Is green energy better than conventional energy?  Well, that all depends on what qualities you are trying to compare.  When comparing energy sources, there are many factors that must be considered.  Cost per Megawatthour (MWh), land usage requirements, resource requirements (like cooling water sources), total emissions, reliability, energy output, and the ability to handle load swings are all factors that must be weighed together.

The Bottom Line.

Cost per MWh is arguably the most important factor for a consumer or investor.  The cost of electricity is a significant portion of most household budgets.  For a company investing in building or operating a power plant, the balance between efficiency and profit margin is a major concern.   According to NS Energy Business, 50 companies have declared bankruptcy and over 100 GIGAWATTS of coal supplied power has been retired in the past decade, or will be retired by 2024.  A 2018 Reuters article reported that over 40% of coal plants worldwide operated at a loss, and estimated by the end of this year that number could reach 75%.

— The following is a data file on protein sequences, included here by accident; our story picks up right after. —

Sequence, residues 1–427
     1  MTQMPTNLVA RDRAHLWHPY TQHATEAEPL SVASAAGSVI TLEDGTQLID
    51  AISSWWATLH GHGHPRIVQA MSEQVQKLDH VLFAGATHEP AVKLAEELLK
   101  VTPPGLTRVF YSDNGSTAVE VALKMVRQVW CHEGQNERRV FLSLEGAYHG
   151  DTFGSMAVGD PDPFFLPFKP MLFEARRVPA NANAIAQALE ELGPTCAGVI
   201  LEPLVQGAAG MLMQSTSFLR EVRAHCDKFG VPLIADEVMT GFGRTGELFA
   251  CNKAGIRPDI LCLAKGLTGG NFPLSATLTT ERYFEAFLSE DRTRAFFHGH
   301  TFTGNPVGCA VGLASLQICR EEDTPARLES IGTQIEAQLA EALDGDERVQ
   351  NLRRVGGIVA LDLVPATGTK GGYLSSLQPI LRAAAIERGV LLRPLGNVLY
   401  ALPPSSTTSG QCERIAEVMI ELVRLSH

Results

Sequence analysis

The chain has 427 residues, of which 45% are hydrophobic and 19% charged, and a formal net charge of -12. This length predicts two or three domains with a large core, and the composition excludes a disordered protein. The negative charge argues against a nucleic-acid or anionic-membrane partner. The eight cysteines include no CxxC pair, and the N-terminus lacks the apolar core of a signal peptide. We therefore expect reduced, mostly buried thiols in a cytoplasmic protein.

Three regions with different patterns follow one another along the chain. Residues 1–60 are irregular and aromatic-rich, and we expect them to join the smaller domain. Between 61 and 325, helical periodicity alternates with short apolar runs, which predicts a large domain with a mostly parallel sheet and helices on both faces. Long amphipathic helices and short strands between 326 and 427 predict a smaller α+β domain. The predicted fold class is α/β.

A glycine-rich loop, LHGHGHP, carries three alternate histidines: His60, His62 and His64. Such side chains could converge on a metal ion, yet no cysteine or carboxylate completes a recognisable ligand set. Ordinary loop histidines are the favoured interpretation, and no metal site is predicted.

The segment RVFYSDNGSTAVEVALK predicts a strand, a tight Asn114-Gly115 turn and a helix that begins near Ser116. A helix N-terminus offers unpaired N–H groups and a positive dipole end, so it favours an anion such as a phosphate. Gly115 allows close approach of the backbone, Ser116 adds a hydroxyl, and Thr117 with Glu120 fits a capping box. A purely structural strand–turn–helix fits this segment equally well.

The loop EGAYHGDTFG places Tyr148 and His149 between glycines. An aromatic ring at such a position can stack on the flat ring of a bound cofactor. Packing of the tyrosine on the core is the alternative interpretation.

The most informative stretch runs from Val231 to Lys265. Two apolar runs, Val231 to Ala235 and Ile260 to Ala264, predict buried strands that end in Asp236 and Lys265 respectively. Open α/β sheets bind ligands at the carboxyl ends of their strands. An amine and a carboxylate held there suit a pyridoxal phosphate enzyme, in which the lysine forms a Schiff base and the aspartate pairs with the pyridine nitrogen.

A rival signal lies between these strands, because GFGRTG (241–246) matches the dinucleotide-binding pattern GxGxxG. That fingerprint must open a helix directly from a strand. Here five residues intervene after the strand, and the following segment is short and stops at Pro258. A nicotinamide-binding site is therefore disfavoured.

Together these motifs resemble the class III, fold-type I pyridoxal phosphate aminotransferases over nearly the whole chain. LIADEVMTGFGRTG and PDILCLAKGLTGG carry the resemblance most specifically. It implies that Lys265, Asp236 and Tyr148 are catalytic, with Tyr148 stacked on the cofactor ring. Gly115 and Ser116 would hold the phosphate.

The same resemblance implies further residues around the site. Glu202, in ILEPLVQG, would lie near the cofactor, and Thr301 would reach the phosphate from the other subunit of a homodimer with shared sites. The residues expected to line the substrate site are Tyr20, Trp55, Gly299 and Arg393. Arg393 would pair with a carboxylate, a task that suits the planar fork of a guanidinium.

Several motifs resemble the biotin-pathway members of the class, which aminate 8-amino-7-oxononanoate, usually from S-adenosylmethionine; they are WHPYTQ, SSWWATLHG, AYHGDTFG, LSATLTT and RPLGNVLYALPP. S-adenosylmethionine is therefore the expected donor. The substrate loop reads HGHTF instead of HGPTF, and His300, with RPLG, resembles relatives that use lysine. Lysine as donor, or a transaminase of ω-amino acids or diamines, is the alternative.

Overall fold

When talking cost of energy production, there is a lot to consider. Land costs, permits, fuel, maintenance, employee pay, etc., are all tied into the discussion. It is very difficult to compare conventional and renewable energy costs directly, it’s like comparing apples to oranges. The Energy Information Agency publishes reports that compare the cost of energy production in Levelized Cost, that is, the costs of a new power plant over its expected lifetime versus the energy it is expected to produce, in short, it’s how much money the plant has to make to cover its cost.

The reason Levelized Cost is most often referenced when comparing renewable energy to conventional energy is renewable energy sources don’t share the same recurring costs as conventional plants, specifically in fuel. The bulk of renewable energy cost is in construction, with no fuel costs, whereas a conventional plant will spend more in operational costs, such as fuel, maintenance, and employees.